Visiting off the beaten path destination has become my favourite thing (and eventually my trade mark). This time I’m taking you to Skåne – the southernmost region of Sweden, which has plenty attractions to offer at pleasantly close distances. What are the things to see in Skåne? You can choose from three national parks, over 1,000 kilometres of hiking trails and an impressive stone circle with no entrance fee.
My best friend Magda joined me on a journey around Skåne. After living in Australia for a year and not seeing her for so long I really looked forward to spending quality time together. It was just something that we really, really needed.
But before we begin, have a look at our cottage in Vejbystrand village:
vejbystrand cottage WITH SWEDISH DESIGN
VILLA SIGRID, OUR HOME AWAY FROM HOME
How to get to and move around Skåne?
1) Flight to Malmo
The most convenient option is a flight to Malmo. Once you’re there, you can travel with a rental car or buses/trains. Public transport in Skåne is pretty good; it takes you in close proximity to national parks and main attractions.
2) Flight to Copenhagen
You can fly to Copenhagen (check for the prices, this route may be cheaper). Right by the airport, you take a train to Malmo. The journey takes 19 minutes and costs SEK 100. You cross through the bridge connecting Denmark with Sweden, which is quite an attraction itself.
THINGS TO see IN Skåne?
HERE ARE MY 5 TOP PLACES AND EXEPERIENCES IN SKÅNE
1. Ales Stenar
Ales Stenar is not only the biggest attraction of Skåne, but also one of the most important sights in the entire country. Its structure makes you think of the famous Stonehenge in England. What distinguishes Ales Stenar from Stonehenge is that you can actually visit the Swedish stone circle for free. You can come there any time, rest on the grass, make a picnic without having to pay for any of it!
Alest Stenar is best to visit at sunrise or sunset. Although they still don’t know what the purpose of these 56 stones was, the interesting fact is that during the summer and winter solstice (June 21 and December 22), sunlight goes exactly over the tops of the two biggest stones. It can suggest that the structure was used as a sundial.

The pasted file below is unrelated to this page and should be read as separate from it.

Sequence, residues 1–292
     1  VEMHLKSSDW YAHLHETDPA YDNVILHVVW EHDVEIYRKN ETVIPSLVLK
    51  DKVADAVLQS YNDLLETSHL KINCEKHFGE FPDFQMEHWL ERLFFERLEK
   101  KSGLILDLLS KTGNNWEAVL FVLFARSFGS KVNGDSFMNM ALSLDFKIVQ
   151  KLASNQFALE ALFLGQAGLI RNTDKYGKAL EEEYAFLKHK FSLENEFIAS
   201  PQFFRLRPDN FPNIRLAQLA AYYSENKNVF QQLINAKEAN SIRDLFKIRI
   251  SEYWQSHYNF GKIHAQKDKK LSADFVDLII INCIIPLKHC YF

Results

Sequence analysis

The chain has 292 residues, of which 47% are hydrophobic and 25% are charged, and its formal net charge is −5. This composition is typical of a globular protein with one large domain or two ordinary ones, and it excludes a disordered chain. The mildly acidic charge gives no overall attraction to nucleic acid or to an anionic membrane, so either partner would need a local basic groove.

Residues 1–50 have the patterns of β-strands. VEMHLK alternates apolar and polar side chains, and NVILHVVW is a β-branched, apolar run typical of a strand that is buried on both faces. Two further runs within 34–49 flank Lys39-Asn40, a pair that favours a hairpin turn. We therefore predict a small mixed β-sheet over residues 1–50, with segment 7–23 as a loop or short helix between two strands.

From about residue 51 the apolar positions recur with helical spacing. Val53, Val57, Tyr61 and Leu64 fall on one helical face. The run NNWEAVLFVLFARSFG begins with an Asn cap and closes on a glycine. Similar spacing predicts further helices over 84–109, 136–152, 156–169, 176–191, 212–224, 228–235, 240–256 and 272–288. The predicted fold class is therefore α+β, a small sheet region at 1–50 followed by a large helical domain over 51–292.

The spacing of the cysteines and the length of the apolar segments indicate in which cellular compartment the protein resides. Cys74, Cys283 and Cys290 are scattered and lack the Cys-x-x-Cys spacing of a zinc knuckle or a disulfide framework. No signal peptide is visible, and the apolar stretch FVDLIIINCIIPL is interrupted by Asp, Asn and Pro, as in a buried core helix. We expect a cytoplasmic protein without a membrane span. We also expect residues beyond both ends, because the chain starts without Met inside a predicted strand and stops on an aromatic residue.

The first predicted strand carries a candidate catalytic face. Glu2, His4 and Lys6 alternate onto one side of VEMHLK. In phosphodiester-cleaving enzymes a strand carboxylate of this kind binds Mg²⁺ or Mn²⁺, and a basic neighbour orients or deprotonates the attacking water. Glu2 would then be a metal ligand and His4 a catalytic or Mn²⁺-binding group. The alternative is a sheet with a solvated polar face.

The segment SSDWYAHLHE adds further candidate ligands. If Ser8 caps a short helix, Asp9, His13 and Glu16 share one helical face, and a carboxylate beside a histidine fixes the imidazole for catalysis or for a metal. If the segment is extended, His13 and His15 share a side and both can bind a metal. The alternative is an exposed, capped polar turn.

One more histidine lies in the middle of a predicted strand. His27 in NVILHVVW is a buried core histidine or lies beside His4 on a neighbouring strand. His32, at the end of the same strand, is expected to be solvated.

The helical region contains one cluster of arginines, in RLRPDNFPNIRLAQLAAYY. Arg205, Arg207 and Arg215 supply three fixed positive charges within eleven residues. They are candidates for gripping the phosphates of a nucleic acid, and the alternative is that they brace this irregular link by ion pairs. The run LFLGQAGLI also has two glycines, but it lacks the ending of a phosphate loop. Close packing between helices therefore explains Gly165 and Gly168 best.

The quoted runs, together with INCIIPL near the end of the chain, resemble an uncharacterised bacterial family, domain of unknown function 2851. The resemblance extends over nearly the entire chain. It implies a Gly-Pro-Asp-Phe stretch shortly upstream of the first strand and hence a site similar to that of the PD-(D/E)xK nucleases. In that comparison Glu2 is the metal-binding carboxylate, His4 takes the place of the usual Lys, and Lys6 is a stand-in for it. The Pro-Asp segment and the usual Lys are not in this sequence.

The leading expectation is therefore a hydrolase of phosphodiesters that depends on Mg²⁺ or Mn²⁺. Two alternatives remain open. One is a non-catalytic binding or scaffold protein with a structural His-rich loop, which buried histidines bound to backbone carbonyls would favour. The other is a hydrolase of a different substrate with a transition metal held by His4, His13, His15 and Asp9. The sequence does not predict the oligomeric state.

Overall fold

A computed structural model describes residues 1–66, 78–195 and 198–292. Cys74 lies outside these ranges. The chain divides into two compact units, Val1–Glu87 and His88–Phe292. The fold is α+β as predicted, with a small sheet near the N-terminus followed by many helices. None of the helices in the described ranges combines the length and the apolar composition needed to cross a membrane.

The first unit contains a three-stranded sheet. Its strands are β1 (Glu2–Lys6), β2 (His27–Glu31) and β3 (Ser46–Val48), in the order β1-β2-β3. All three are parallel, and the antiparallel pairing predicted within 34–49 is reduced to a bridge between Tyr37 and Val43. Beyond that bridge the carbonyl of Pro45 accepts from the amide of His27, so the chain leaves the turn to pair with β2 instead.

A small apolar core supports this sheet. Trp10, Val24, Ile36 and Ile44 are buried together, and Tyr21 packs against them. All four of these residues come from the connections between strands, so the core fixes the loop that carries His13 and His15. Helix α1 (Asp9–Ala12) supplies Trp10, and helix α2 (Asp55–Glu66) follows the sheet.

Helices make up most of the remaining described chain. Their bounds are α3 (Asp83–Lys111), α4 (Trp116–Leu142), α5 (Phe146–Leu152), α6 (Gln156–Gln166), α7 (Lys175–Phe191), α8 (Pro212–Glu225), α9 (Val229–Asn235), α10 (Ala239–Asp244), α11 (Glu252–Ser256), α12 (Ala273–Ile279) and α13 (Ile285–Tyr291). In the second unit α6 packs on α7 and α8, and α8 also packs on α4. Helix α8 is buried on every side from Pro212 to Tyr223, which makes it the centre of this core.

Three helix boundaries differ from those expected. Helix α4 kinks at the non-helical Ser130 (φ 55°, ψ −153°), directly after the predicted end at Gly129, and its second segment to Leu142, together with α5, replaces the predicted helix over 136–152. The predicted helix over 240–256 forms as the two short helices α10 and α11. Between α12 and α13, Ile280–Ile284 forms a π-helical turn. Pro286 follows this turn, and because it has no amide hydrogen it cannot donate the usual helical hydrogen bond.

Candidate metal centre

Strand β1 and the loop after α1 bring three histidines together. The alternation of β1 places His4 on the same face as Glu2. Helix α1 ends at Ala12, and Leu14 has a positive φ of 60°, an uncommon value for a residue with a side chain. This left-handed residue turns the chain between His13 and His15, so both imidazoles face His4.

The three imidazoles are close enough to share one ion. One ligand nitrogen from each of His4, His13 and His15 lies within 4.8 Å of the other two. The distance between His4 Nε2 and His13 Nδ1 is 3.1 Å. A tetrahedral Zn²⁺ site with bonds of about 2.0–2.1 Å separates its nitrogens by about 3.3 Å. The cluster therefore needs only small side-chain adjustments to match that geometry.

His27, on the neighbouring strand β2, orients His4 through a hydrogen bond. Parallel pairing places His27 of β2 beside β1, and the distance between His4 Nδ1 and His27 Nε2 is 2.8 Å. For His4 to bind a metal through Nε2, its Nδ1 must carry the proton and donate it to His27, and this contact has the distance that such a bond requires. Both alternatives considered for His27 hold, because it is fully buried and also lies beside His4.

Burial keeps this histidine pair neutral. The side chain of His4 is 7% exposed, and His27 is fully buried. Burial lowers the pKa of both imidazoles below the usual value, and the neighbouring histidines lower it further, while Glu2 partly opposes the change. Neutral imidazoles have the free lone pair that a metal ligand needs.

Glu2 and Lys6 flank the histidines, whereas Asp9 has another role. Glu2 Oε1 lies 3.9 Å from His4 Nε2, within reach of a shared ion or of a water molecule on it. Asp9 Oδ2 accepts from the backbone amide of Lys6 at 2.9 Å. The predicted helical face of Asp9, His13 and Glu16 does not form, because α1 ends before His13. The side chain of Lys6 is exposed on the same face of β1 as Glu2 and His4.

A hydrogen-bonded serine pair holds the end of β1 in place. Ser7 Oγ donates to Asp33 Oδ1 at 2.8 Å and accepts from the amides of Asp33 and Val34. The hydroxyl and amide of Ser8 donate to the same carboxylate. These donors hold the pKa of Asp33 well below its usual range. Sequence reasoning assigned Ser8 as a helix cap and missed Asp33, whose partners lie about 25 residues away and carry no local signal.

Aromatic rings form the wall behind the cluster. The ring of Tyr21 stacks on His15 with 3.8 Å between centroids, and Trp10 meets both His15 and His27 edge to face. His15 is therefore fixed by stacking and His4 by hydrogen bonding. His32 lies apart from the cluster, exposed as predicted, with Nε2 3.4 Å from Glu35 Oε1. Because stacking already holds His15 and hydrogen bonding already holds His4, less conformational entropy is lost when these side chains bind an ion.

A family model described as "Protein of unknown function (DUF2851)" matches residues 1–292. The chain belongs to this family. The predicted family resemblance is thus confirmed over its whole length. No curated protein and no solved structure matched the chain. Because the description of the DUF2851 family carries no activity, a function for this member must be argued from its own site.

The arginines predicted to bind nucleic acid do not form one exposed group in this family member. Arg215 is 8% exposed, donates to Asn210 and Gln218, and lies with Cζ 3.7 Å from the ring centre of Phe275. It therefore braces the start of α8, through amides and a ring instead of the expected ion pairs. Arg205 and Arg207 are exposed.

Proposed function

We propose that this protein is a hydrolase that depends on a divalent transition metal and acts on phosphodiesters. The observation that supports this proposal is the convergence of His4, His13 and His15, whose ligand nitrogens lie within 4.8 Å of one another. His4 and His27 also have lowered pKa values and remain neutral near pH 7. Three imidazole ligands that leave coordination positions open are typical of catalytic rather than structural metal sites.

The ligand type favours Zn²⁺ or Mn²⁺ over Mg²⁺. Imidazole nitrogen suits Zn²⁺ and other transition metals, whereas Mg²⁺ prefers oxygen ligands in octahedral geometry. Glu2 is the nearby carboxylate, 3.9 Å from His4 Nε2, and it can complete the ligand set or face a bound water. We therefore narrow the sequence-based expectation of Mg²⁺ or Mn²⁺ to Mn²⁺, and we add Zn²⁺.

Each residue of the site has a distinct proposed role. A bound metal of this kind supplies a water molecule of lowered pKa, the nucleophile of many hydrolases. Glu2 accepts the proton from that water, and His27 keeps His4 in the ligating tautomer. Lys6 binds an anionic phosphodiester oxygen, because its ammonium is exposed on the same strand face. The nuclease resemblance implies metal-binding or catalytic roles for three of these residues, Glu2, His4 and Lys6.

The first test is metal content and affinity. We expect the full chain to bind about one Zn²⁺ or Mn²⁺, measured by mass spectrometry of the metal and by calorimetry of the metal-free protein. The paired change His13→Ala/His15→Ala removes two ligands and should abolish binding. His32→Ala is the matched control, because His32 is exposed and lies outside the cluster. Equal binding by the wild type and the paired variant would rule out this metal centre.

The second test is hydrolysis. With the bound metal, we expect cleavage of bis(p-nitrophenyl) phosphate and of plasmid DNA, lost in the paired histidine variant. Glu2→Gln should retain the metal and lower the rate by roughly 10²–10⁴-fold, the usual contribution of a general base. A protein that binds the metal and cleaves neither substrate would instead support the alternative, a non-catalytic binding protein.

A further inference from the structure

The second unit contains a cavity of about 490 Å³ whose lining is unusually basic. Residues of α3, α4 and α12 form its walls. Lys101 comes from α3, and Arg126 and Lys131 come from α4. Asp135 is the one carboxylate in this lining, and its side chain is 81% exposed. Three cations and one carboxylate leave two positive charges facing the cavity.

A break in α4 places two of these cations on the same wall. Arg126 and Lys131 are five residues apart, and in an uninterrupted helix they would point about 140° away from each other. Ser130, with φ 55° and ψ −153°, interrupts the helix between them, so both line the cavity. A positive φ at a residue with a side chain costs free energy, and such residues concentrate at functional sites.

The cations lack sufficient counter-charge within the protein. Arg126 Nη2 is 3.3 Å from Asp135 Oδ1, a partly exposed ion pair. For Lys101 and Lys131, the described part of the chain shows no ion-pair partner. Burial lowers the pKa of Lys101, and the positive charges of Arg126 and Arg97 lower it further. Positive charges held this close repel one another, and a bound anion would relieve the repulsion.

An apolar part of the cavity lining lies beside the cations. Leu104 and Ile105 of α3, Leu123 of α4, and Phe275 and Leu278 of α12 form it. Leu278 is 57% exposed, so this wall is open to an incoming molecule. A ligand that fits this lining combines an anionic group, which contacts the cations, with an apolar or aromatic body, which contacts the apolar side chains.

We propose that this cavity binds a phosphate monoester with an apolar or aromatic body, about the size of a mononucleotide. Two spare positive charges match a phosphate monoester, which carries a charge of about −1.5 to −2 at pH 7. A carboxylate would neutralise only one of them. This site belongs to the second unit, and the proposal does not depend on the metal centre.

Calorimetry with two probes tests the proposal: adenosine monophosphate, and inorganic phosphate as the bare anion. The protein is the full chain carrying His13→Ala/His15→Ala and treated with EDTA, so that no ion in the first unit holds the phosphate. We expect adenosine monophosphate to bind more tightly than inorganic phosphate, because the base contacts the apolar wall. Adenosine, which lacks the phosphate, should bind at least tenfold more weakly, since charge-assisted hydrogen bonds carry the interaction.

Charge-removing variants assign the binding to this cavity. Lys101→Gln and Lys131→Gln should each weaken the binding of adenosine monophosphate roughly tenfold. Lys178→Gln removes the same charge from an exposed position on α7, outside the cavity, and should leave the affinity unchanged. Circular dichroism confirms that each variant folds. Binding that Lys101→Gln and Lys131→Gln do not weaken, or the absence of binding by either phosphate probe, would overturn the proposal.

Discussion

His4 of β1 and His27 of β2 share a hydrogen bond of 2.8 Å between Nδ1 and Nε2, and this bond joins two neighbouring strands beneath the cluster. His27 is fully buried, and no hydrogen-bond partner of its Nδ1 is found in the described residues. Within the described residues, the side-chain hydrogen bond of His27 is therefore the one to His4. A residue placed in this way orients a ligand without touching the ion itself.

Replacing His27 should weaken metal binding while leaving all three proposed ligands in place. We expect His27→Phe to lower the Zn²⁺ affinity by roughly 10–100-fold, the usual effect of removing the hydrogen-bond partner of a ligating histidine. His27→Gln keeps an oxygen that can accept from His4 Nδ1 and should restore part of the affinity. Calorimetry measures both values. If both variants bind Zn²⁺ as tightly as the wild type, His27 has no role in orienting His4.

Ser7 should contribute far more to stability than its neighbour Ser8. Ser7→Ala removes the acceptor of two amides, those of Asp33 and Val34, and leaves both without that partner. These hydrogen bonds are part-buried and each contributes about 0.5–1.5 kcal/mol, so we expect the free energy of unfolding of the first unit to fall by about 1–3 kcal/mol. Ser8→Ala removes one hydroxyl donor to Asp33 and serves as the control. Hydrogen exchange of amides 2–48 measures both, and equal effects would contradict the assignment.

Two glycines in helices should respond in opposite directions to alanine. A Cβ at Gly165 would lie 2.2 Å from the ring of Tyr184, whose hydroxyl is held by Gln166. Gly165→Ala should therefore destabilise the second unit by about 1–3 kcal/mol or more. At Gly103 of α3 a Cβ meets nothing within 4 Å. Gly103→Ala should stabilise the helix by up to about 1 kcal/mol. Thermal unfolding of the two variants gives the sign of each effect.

There is another theory saying that some very important person was buried there. To this day, however, no human remains were found, which proves the idea wrong. Historians have similar problems with determining when exactly the stones were placed on the hill next to the village of Kåseberg. Some theories say that the stones have been there for 5,000 years, others that for 1400. Turns out that the mystery behind the origin of boulders may never be solved.
Ales Stenar catches attention of not only researchers, but also the enthusiasts of supernatural events. I’ve got to say that the energy of this place was… quite strange. Heavy. I felt like taking some pictures of the sunset and just leaving.
P.S. Despite the “heavy” energy, this place is definitely worth seeing!
2. Vejbystrand village
Vejbystrand is a small fishing village where we stayed for five days. We were living in a wooden blue cottage with a modern Swedish design. Once I came in, I remembered my old dream. Some time ago I wanted to have a summer cottage by the sea, in a quiet and peaceful place. And it looked like our Vejbystrand home <3. The house was so lovely and nicely decorated that we literally had to push ourselves to go out.